Living Quarters: My House Hunting Experience

My husband and I spent a few months of 2020 looking for a new house. Like many millenials post-COVID, we ran out of reasons to live in the city (no longer needed to commute to work, needed two home offices, many businesses were closed or had limited hours, no longer spending our time in restaurants and bars), and gained one big reason to live in the suburbs (our baby on-the-way)!

When we started searching, my MdDS symptoms were higher than they are currently, and I was more prone to vestibular migraine attacks and symptoms.  Ever since my onset trip, my brain had always had an “adjustment period” to new places, which usually created a few minutes of elevated rocking, bobbing, or swaying until I got comfortable with my surroundings.  Overall, I felt was managing pretty well, though. Oddly enough, I didn’t anticipate house hunting being a challenge… 

Our first day out looking at houses, I realized quickly that it was going to be harder than I thought. We looked at a place with an enclosed staircase, and my “boat feeling” immediately worsened.  I decided then that if I couldn’t see an open staircase in the house-preview pictures, we weren’t going to look at the house.  

Early in our search, we found a really cool house that had almost everything we were looking for… until we reached the basement.  It had low ceilings, uneven floors, no windows, and those awful cylinder lights that tend to blink as they start to go out.  I could feel a migraine coming on… my MdDS immediately ramped up and my head started to feel swollen.  

I realized then that I needed to carry my rescue medication (Timolol Maleate eye drops) with me all the time.  I put a dropper in my purse, and it has come in handy so many times since (house hunting and otherwise).

Besides the migraine, the other part that really sucked about this situation was that we loved the other aspects of the house!  We agreed at the time that we couldn’t live somewhere that I couldn’t use the basement.  Even if we changed the lights, the enclosed space and uneven-ness of the floors would probably always be a trigger.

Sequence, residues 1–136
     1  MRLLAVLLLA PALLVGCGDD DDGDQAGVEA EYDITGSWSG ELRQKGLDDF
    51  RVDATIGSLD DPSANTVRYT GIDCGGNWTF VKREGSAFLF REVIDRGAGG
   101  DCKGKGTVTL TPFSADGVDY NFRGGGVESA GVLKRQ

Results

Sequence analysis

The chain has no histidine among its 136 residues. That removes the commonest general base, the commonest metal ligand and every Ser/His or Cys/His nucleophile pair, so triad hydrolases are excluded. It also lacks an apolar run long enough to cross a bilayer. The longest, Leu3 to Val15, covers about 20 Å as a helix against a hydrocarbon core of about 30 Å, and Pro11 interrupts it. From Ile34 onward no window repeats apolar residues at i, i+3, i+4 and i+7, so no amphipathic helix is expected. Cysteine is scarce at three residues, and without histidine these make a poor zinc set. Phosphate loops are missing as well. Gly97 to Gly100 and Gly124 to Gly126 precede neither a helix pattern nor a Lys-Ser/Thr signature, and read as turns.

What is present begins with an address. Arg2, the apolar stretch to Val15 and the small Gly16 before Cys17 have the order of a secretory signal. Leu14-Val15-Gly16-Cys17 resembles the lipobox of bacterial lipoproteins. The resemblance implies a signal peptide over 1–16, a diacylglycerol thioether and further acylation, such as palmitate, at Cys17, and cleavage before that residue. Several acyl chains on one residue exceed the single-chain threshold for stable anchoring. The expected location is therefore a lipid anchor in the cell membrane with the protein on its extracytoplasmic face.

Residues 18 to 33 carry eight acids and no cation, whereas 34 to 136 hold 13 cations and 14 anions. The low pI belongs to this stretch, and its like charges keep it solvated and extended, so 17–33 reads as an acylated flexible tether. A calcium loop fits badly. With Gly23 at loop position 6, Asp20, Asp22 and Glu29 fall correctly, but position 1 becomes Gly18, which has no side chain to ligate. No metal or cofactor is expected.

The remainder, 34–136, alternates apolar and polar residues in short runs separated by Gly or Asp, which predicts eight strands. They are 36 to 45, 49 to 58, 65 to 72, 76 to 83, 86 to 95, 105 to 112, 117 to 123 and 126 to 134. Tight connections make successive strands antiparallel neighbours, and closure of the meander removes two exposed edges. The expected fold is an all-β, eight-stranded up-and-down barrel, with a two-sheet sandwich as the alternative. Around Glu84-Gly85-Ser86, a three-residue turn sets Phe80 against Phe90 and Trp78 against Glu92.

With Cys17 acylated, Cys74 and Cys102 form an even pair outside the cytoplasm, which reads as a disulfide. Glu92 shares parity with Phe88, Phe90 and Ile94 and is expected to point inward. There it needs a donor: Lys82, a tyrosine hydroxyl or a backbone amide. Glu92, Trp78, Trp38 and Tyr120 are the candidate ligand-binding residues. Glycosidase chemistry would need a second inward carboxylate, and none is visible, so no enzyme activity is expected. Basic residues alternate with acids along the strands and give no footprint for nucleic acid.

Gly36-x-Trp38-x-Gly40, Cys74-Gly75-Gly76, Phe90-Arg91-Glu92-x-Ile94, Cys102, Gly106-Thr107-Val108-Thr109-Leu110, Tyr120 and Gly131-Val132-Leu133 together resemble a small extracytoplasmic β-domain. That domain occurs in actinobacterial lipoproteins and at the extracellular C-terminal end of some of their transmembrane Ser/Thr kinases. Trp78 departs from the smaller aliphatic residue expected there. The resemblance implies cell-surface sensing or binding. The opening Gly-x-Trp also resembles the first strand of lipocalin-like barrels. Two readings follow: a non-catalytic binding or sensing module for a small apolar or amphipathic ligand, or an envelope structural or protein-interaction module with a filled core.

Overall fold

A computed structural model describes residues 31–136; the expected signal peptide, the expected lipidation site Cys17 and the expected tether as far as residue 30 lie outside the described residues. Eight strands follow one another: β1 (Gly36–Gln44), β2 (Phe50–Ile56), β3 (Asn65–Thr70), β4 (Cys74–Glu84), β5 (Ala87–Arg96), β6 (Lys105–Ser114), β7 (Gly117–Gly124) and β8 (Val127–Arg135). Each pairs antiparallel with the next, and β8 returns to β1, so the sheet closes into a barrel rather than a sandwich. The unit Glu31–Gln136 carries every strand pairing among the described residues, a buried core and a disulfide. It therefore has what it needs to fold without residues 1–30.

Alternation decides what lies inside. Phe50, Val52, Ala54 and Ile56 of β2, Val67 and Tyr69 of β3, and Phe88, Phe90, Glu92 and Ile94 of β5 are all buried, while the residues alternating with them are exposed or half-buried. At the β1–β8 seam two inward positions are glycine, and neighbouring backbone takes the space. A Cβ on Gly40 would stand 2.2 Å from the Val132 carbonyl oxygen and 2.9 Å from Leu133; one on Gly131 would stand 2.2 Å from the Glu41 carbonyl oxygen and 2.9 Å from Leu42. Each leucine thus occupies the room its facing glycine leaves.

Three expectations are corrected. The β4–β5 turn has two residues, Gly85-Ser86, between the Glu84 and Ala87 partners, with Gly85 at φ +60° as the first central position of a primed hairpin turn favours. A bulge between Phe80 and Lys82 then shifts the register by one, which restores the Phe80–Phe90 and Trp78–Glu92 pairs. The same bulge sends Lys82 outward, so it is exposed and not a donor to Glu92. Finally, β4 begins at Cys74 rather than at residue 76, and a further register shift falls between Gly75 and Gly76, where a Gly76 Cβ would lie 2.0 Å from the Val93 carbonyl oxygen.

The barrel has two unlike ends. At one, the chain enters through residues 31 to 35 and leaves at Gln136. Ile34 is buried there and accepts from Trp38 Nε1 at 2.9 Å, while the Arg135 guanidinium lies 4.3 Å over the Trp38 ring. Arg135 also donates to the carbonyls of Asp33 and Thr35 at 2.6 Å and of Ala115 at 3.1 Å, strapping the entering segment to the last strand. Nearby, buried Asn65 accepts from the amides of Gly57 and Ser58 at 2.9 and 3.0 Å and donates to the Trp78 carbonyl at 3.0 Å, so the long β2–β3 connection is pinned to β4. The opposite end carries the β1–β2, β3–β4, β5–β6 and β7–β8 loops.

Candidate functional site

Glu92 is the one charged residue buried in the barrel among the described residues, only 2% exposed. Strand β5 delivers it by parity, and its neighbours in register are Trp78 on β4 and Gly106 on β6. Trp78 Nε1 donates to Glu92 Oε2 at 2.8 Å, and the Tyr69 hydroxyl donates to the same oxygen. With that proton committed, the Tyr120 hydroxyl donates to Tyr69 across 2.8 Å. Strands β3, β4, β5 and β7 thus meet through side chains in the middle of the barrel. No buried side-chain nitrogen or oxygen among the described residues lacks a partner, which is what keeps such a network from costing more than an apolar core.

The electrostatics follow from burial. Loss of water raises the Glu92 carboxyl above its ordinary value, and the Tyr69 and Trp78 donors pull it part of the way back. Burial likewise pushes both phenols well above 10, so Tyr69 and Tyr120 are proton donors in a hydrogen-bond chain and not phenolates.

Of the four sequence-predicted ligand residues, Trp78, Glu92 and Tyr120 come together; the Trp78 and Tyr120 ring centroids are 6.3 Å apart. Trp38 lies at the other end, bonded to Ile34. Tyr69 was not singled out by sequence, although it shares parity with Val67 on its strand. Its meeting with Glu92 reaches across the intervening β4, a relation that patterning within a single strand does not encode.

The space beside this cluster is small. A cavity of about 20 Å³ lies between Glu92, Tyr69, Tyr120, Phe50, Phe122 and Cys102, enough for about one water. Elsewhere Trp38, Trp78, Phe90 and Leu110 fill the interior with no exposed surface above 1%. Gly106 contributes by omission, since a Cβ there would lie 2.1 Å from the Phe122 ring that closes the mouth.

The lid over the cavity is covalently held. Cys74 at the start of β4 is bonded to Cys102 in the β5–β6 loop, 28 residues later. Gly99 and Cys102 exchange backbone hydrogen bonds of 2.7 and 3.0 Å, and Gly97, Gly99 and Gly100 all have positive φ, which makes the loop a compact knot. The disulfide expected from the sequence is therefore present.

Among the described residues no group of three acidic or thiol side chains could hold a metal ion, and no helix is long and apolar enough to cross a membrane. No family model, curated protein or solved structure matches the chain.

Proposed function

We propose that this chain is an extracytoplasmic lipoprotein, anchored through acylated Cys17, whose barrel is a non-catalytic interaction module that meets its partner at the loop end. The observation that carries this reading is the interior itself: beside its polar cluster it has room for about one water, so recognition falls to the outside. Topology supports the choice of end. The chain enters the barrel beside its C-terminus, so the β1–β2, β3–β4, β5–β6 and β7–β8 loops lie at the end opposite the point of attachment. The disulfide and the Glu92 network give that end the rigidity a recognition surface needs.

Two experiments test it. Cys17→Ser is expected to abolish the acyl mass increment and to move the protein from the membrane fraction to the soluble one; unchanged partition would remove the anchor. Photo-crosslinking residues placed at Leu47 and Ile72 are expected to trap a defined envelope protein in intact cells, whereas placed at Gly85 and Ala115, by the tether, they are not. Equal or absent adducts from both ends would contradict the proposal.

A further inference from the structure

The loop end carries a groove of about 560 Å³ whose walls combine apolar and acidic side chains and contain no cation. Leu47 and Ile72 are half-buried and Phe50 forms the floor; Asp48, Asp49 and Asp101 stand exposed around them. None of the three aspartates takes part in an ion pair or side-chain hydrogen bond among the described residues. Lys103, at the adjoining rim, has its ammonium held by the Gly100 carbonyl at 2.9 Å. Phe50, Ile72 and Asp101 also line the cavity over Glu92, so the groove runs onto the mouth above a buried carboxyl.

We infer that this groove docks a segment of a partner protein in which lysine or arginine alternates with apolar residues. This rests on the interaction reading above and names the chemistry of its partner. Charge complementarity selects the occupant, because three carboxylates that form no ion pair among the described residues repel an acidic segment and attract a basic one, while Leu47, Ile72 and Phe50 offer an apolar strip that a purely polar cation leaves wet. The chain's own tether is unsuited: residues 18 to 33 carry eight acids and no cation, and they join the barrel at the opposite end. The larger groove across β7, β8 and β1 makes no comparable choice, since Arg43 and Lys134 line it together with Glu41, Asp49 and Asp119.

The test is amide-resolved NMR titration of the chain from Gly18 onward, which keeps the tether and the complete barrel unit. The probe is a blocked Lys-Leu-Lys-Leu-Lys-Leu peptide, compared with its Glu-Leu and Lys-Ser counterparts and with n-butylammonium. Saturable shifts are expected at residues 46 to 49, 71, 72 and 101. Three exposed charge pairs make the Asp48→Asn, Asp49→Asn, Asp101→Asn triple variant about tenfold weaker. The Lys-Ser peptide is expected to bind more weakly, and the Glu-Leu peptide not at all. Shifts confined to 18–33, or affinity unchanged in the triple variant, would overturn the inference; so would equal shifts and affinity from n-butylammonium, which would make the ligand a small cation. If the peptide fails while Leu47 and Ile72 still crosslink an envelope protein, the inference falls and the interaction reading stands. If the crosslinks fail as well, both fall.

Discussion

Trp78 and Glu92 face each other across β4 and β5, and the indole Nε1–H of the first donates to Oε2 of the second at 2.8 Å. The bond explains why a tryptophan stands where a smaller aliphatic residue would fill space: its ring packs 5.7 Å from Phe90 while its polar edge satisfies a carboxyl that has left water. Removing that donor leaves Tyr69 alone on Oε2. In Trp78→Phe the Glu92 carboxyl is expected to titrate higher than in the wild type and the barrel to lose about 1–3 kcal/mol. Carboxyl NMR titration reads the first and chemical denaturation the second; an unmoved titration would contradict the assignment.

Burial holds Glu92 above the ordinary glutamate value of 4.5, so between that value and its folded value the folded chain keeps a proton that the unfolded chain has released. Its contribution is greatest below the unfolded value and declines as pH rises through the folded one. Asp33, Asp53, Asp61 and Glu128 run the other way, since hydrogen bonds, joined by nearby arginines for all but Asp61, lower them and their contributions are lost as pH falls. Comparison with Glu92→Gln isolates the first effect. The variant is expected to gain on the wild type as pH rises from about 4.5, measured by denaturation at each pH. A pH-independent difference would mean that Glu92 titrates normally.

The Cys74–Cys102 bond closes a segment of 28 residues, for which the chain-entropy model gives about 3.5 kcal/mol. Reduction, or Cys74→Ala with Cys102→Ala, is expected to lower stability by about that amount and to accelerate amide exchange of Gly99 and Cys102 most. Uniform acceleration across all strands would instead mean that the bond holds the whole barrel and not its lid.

It’s always hard when these types of situations come up.  I’m feeling like I have things under control, that I’m doing really well… then something comes along to remind me of my limitations.  Those automatic negative thoughts, like, “If I weren’t sick, we could have bought this house,” or “My husband can’t get the house he wants because of my illness,” are difficult to ignore.

When I brought myself back to reality, I realized I was just really lucky to be looking for a house in the first place.  Plus, the right house for us was going to be something that we both loved and felt good in.  

It took a few months of searching, but we eventually found a house with everything we both needed.  For me, that was lots of natural light, an above-grade basement, no crazy patterns on tile or flooring, a glass-door shower, no slanted or low ceilings, and rooms with an open feeling. 

Here we are celebrating the first day in our new home!
(Don’t worry – it’s just juice!)

As I searched, I made a list of triggers.  Hopefully they will help you if you are house or apartment hunting this year!  It helped me to look at the photos online beforehand and eliminate any houses with obvious triggers. Have a loved-one or real-estate agent do it for you if you are struggling with technology. Pass on this list to them!

House or Apartment Hunting Triggers:

  • low ceilings
  • slanted or uneven ceilings
  • uneven floors
  • busy tile, carpeting, and flooring patterns (if you aren’t planning to renovate)
  • make sure light fixtures can be changed or updated if LED, fluorescent, or exposed bulbs are present
  • make sure there is enough natural light to support your circadian rhythms
  • avoid enclosed spaces, like narrow stairwells or tiny powder rooms
  • avoid buildings that require elevator use if this is a trigger

What would you add?  Tell me in the comments!

I’ve been working on a more tip-focused blog with my business partner, Kelly, for people with Mal de Debarquement Syndrome, Vestibular Migraine, and/or Migraine.  We have a few posts with strategies for various daily challenges, and we will be adding more in the future.  These are especially great for those who are new to the dizzy life! Check it out here:

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